Pinch valve selection must be performed very carefully and with due diligence. Stainless steel or carbon steel ball valves and plug valves do not vary greatly from one reputable manufacturer to another. As long as you use one of the "more reputable" ball or plug valves, you most likely will have a valve free from porosity or imperfections. In addition, some ball or plug valves have modified designs to enhance performance in difficult services.
Pinch valves, however, can vary greatly from one another, and rubber quality and properties can differ drastically from one manufacturer to another. A good analogy is the purchase of automobile tires. Pretend you have the option to purchase either a 30,000-mile set of tires or an 80,000-mile set. Side by side, these tires look almost identical, but the 80,000-mile-rated tire certainly will cost more. For the extra money, it will give you two times the useful life of an inferior tire.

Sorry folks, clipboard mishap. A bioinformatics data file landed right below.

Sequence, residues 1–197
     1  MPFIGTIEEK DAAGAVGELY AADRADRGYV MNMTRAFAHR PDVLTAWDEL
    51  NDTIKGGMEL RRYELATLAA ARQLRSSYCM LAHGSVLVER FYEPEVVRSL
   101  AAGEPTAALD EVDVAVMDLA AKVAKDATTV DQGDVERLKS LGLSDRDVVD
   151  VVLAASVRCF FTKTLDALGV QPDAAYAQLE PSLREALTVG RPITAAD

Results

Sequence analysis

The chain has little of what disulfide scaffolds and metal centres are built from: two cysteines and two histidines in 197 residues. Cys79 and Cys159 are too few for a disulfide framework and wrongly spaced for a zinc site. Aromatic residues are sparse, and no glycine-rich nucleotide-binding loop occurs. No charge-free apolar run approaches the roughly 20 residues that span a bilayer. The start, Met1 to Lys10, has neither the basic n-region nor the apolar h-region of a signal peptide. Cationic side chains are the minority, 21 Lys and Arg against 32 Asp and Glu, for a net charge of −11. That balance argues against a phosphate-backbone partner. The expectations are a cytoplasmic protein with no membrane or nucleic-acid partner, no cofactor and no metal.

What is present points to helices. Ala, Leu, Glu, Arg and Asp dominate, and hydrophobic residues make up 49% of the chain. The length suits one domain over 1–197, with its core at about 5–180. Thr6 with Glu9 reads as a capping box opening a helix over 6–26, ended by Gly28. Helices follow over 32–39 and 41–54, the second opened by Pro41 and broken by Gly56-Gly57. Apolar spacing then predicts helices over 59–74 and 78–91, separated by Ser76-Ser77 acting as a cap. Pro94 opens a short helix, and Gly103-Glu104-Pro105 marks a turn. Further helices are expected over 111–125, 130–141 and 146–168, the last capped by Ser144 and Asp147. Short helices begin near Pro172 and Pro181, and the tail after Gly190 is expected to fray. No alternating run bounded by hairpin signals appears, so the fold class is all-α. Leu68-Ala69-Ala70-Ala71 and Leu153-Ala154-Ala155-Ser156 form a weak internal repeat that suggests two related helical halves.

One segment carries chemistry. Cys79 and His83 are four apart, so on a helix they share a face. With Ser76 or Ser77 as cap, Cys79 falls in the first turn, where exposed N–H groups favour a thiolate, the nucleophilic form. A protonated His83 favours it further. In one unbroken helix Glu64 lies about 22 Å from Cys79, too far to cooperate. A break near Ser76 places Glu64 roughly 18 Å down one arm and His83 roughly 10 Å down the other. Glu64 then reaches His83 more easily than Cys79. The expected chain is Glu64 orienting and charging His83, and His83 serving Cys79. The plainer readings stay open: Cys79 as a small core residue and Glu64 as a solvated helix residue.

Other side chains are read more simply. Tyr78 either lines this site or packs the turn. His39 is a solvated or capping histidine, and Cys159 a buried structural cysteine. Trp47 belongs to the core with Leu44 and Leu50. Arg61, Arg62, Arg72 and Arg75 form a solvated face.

My point regarding pinch valves is that if you have tried them in the past and have been unhappy with product performance, then perhaps the make you selected was simply "inferior." You might wish to give pinch valves another try with a different make and manufacturer. Good designs are available, and reputable companies will stand behind their products after the initial sale. A high-quality pinch valve typically can handle lime slurries without any special product enhancements.
A pinch valve or diaphragm that has a preset weir could decrease valve performance quite substantially, however. This nonflexible weir will accumulate scale; because it does not flex, it will result in increased wear to the rubber sleeve. The nonflexible weir also defeats the self-cleaning effects of pinch valves.